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New grant expands reach of St. Jude gene therapy program for "bubble boy" disease

Funding from the California Institute for Regenerative Medicine will allow physicians at the UCSF Benioff Children’s Hospital San Francisco to treat patients with an inherited immune disease using a St. Jude gene therapy protocol

Memphis, Tennessee, February 23, 2017

Mike Meagher, PhD, Ewelina Mamcarz MD, Jay Lieberman MD, and Brian Sorrentino MD

Pictured from left to right, Mike Meagher, PhD, Ewelina Mamcarz MD, Jay Lieberman MD, and Brian Sorrentino MD.

The California Institute for Regenerative Medicine has awarded a five-year, $11.9 million grant to St. Jude Children’s Research Hospital and collaborators to deliver gene therapy to patients with X-linked severe combined immunodeficiency disease (X-linked SCID), also known as “bubble boy” disease.

The new grant supports the opening of the St. Jude gene therapy protocol for X-linked SCID at the University of California, San Francisco (UCSF) Benioff Children's Hospital San Francisco. The bone marrow transplant program at UCSF is one of the largest SCID transplant centers in North America.

“We have made good progress in demonstrating the safety and efficacy of our lentiviral-based gene therapy for the treatment of X-linked SCID,” said Brian Sorrentino, M.D., principal investigator on the grant and a member of the St. Jude Department of Hematology. “One of our goals with this new collaboration is to widen access to this life-saving gene therapy pioneered at St. Jude. We want to rebuild the immune systems of even more patients who suffer from this rare but deadly immune disease.”

X-linked SCID is an inherited disorder that involves a mutation in one of the genes necessary for a normal immune system. It occurs in one of every 200,000 live births. Babies born with X-SCID lack immune cells known as lymphocytes, which leaves them with little or no immune protection.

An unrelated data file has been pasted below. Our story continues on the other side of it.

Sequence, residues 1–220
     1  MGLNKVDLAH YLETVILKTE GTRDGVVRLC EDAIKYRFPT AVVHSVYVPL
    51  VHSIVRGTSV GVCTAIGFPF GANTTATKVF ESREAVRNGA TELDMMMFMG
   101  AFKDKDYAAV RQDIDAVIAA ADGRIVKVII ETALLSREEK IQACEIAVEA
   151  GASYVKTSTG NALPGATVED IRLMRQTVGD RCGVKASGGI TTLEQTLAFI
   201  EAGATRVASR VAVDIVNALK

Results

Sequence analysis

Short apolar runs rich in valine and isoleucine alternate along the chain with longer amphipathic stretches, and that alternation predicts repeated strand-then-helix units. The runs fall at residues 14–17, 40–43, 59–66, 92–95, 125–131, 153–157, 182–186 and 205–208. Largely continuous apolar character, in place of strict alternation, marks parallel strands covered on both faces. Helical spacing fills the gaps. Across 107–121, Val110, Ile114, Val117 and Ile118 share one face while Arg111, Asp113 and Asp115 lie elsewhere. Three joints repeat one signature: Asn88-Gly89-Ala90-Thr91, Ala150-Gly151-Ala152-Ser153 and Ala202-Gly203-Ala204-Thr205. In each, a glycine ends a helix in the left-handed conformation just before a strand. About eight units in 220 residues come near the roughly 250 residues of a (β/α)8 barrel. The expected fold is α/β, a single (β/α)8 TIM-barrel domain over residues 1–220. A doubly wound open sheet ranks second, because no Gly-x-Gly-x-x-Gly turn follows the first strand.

The lentiviral gene vector developed at St. Jude delivers a functional gene into the patient’s blood-producing stem cells. After infecting the cells, the virus transports the healthy gene to the patient’s cells.

Over the past decade, St. Jude scientists have developed a rigorous battery of tests to assess the viral vector’s safety.  Working with UCSF investigators, they were granted approval for the first time to use the chemotherapy drug busulfan as part of the SCID-X1 gene therapy protocol to help the gene-corrected cells establish themselves in the bone marrow and get to work after being infused back into SCID-X1 patients. The team went on to build an entirely new process for manufacturing the vector in the Children’s GMP, LLC, an on-site facility that produces biological products and drugs in accordance with federal safety regulations.

“It is rewarding to see the benefits of years of pre-clinical development come to fruition for the team that has worked to develop the protocol for this gene therapy,” said Sorrentino. “We are grateful to the California Institute for Regenerative Medicine for this additional funding, which will help bring our protocol to X-linked SCID patients treated in California. We look forward to working with the team at the UCSF Benioff Children's Hospital San Francisco in the years ahead. ”

Patients will be enrolled in St. Jude clinical trial LVXSCID-ND. Further information and details about the clinical trial are available here:

More details and video assets about the St. Jude gene therapy vector are available at

St. Jude Children's Research Hospital

St. Jude Children's Research Hospital is leading the way the world understands, treats and cures childhood cancer and other life-threatening diseases. It is the only National Cancer Institute-designated Comprehensive Cancer Center devoted solely to children. Treatments developed at St. Jude have helped push the overall childhood cancer survival rate from 20% to 80% since the hospital opened more than 50 years ago. St. Jude shares the discoveries it makes, and every child saved at St. Jude means doctors and scientists worldwide can use that knowledge to save thousands more children. To learn more, visit or follow St. Jude on social media at @stjuderesearch.